Reps kick against UK’s planned £3,000 visa bond for Nigerians

Reps kick against UK’s planned £3,000 visa bond for Nigerians

Posted by Yusuf Alli and Vincent Ikuomola

Minister of Foreign Affairs Olugbenga Ashiru said yesterday that the Federal Government will defend the interest of Nigerians on consular related issues with foreign countries.

Ashiru spoke in Abuja following a proposal by the United Kingdom to introduce a bond of 3,000 pounds (N750, 000) for intending visitors from Nigeria and five other countries.

Speaking at the 2013 Ministerial Platform, Ashiru reiterated that the UK government was yet to officially notify Nigeria on the proposal scheduled to start in November.

“Really, we have received no official communication from the UK government.

“When we receive communication from them, we will study whatever proposal they are trying to do but I can assure all Nigerians that President Jonathan’s government will defend the interest of Nigerians by whatever means it can.’’

The House of Representatives Foreign Affairs committee kicked against the policy. Chair of the Diaspora Committee Abike Dabiri –Erewa asked Nigeria to adopt the principle of reciprocity if the UK insists on the visa bond from Nigerians traveling to Britain. She suggested a N5million bond for any Briton seeking Nigerian visa as a visitor.

Chairman, House of Representatives Committee on Foreign Affairs, Ms. Nnenna Elendu-Ukeje described the visa bond as discriminatory and unacceptable. She said the House of Representatives would take a critical look at the policy as it affects Nigerians and come up with a way forward. Dabiri-Erewa said: “Nigeria should adopt the principle of reciprocity. If they ask us to pay £3,000, let their citizens also pay N5million visa bond.

“This is a discriminatory policy and it is unacceptable. Do not forget that we are a member of the Commonwealth, what are we going to enjoy if they could impose such a discriminatory policy?

“I am quite sure that France will not impose visa bond on their former colonies. The UK Government should reverse it or else we should pay them back in equal measure.

“The Federal Government should not allow the situation to lie low; it should reject it and make it reciprocal.

“When South Africa said we should be paying N100, 000 visa bond and we reciprocated, it quickly stopped the policy.

“If Nigerian and Indian doctors withdraw their services in the UK, their health sector will collapse.

Elendu-Ukeje described the new UK visa bond as discriminatory and unacceptable.

In a statement in Abuja, the lawmaker said such policy was not in the best interest of Nigeria and Nigerians.

She said: “This is totally discriminatory and unacceptable. It is target to non-white Commonwealth.

“They should realise that it is not in the best interest of UK. We will as a country, going to look at it vis-a- vis our citizens and come up with a decision.

“We agree totally with our Foreign Minister that the policy is totally unworkable and impractical’’.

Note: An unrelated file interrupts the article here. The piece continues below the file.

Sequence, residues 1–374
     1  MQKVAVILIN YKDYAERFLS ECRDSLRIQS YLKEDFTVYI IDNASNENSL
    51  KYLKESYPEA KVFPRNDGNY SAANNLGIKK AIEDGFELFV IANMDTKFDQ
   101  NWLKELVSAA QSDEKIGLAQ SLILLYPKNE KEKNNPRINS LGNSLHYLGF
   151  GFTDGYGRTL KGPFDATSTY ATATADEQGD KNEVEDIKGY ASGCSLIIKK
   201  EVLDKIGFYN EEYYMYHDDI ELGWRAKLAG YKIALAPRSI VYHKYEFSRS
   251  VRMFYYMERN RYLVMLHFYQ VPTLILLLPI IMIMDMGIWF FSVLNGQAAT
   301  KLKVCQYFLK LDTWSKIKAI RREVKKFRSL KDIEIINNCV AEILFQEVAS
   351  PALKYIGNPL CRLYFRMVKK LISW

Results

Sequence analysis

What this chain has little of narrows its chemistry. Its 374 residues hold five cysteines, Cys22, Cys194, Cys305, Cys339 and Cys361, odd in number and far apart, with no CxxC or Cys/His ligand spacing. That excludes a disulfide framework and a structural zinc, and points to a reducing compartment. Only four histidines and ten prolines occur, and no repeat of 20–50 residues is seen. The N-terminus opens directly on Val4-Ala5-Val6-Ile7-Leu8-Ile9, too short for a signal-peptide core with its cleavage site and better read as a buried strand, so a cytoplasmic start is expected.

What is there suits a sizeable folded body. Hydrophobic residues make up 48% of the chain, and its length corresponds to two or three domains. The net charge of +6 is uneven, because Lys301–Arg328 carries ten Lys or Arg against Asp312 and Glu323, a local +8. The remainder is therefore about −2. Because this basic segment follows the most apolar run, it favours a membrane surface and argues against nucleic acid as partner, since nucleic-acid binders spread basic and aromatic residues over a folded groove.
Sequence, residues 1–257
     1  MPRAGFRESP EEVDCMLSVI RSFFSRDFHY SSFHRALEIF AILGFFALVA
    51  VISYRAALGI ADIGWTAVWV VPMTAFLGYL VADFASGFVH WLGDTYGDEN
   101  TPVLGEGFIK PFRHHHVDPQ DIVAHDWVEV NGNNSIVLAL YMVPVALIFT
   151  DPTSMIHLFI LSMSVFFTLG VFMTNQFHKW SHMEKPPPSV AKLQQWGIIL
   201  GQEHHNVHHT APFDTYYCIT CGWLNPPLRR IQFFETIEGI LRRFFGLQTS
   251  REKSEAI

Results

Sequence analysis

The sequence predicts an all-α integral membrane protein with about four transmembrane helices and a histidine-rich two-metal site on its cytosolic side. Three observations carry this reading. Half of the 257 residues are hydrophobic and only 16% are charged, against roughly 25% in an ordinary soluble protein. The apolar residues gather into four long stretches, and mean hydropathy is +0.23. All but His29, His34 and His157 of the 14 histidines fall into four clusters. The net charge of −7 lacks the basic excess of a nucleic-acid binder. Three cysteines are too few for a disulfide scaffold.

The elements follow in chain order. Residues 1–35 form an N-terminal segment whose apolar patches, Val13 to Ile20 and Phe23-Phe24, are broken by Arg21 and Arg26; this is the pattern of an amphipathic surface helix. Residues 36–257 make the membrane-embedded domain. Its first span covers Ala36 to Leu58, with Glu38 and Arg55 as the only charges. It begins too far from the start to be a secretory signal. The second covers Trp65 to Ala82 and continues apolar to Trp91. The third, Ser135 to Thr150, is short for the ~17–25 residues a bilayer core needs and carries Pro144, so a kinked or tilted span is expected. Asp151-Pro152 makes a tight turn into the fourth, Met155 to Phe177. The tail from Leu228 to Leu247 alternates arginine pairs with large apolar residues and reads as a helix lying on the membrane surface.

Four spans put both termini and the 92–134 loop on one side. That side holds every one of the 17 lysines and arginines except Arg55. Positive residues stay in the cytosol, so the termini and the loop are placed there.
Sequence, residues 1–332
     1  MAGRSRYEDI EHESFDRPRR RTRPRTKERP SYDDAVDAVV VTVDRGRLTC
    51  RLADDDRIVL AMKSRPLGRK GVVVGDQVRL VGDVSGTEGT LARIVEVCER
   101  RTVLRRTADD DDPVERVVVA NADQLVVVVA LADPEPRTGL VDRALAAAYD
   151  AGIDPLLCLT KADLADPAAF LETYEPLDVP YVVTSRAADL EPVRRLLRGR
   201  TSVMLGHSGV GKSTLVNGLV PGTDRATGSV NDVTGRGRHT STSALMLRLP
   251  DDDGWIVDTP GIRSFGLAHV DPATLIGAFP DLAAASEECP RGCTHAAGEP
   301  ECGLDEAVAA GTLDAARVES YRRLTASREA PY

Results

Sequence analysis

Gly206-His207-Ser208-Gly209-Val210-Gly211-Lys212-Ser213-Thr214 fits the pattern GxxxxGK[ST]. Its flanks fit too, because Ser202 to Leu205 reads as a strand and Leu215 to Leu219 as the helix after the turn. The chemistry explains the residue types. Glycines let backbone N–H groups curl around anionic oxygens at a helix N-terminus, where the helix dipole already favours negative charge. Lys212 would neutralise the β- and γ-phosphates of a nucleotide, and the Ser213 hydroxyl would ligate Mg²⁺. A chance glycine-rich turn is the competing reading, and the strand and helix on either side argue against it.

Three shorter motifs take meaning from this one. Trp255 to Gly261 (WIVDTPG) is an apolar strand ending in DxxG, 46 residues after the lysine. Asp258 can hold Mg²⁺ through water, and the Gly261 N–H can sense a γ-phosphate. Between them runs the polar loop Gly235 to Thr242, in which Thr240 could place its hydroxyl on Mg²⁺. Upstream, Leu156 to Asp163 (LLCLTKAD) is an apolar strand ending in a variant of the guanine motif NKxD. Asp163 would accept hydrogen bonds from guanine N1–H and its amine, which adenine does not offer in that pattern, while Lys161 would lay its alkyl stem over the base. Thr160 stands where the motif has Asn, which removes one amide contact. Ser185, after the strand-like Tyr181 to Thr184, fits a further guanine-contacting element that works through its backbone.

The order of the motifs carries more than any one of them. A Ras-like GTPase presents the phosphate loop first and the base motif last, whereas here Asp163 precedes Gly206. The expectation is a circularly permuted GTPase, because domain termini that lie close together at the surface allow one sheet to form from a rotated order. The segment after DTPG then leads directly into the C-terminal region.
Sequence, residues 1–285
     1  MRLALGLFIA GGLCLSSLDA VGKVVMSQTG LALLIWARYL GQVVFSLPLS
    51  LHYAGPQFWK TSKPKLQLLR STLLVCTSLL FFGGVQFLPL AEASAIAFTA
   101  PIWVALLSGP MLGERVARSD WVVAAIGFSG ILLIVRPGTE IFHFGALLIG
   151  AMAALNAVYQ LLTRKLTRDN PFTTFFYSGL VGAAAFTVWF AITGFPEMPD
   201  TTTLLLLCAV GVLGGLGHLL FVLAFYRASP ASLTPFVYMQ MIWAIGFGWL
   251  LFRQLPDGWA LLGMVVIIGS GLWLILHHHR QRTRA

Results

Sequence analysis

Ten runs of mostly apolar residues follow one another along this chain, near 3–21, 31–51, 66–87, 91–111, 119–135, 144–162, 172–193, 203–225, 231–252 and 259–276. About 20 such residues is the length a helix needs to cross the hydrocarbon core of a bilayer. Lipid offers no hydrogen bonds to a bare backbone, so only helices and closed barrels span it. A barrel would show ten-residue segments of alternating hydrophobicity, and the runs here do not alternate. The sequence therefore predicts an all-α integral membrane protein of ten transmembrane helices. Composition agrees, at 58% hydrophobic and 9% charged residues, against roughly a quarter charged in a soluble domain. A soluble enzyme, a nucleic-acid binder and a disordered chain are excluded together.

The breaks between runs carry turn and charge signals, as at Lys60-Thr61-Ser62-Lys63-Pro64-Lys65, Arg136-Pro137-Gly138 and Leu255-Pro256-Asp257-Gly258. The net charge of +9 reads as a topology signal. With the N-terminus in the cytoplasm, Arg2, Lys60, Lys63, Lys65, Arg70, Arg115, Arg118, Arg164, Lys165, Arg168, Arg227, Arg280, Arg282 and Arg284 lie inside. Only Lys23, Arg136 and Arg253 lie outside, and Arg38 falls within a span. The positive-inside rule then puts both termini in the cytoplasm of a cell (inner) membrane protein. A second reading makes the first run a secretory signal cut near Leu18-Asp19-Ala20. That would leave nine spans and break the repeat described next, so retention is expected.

“It is contrary to the commitment made to our President by Prime Minister David Cameron during their last meeting. We believe it is for political reason ahead of general elections.

“We seek that our long historical relationship should take precedence over political expediency.”

The minister admitted that the biggest challenge facing the present administration’s foreign policy thrust was the welfare of Nigerians abroad.

He said Nigeria missions abroad had been directed to pay utmost attention to the needs of Nigerians abroad, particularly the plight of Nigerians in various prisons abroad.

He acknowledged that many Nigerians were stranded abroad in prisons and that the affected Nigerians had continued to suffer various forms of discriminations in their host countries.

According to the minister, over 9000 Nigerians are currently serving prisons terms abroad, with the largest number of 752 in the UK.

“Most of the remaining prisoners are concentrated in the Asia – Pacific region and a good number of them are on death row.

“We are concluding Prisoners’ Transfer Agreement (PTA) with all those countries, such as United Kingdom, Thailand, Japan, China, Indonesia, Switzerland, South Africa, Mozambique, Angola and Hong Kong, so that we can bring home these Nigerians to complete their prison terms.

“I wish to seize this opportunity to appeal to members of different groups; the media, civil societies, religious groups, traditional rulers, etc, to join hands in the education of our youths in an enlightenment campaign against trafficking in drugs, in particular, and other social vices in general. “This assignment should not be left alone to Governments at different levels to handle.’’

On the much-talked about reopening of Information Centres abroad, the minister appealed to the Federal Ministry of Information to ensure proper funding for the centres.

“All I will appeal is that when it starts, they must be well funded; I do not want cases where you send information officers abroad and after nine months or six months the funding will be tied.

“You must ensure proper funding and we in the ministry of foreign affairs are in favour of this move because three or four heads are better than one’.


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